Assessment of maternal deaths due to chronic hypertension: Lessons to learn – a ‘red flag’ for maternal and fetal complications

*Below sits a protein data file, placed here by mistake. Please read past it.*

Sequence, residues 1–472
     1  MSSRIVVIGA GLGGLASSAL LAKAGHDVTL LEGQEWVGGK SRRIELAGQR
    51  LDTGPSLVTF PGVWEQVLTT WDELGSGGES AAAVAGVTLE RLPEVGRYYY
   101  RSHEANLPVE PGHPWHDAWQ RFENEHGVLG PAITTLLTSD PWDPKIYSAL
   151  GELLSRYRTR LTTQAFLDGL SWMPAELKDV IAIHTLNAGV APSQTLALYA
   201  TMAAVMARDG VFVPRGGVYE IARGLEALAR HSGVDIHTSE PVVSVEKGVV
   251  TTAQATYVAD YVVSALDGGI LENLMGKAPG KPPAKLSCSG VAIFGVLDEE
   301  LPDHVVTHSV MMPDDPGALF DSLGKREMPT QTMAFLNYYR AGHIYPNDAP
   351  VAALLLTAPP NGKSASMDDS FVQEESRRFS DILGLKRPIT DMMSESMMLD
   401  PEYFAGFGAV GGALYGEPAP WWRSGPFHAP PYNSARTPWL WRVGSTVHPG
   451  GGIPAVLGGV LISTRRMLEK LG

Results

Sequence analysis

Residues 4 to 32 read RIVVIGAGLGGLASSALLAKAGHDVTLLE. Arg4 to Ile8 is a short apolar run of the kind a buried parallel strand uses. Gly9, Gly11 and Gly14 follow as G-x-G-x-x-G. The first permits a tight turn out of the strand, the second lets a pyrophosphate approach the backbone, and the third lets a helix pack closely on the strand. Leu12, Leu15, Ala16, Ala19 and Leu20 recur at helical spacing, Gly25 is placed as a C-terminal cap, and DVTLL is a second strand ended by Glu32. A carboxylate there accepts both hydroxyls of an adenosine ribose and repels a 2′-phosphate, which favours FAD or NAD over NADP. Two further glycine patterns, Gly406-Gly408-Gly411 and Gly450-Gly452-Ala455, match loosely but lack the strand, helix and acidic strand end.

Hypertension, including chronic hypertension and gestational hypertension, is the most common medical complication in pregnancy. Chronic hypertension is associated with up to 5% of all pregnancies and accounts for a significant number of adverse complications, such as superimposed pre-eclampsia, abruptio placentae, iatrogenic preterm labour, stillbirth, small-for-gestational-age fetus and maternal death. To improve care, women with chronic hypertension should seek professional advice before pregnancy. Antihypertensive agents, which are known to cause fetal abnormalities, should be replaced with drugs safe for use in pregnancy. Alternatively, a safe antihypertensive agent should be offered as soon as pregnancy is confirmed. Furthermore, women with chronic hypertension have a 13 - 40% chance of developing superimposed pre-eclampsia and need to be seen more frequently during the antenatal period, either by a specialist or under their supervision.
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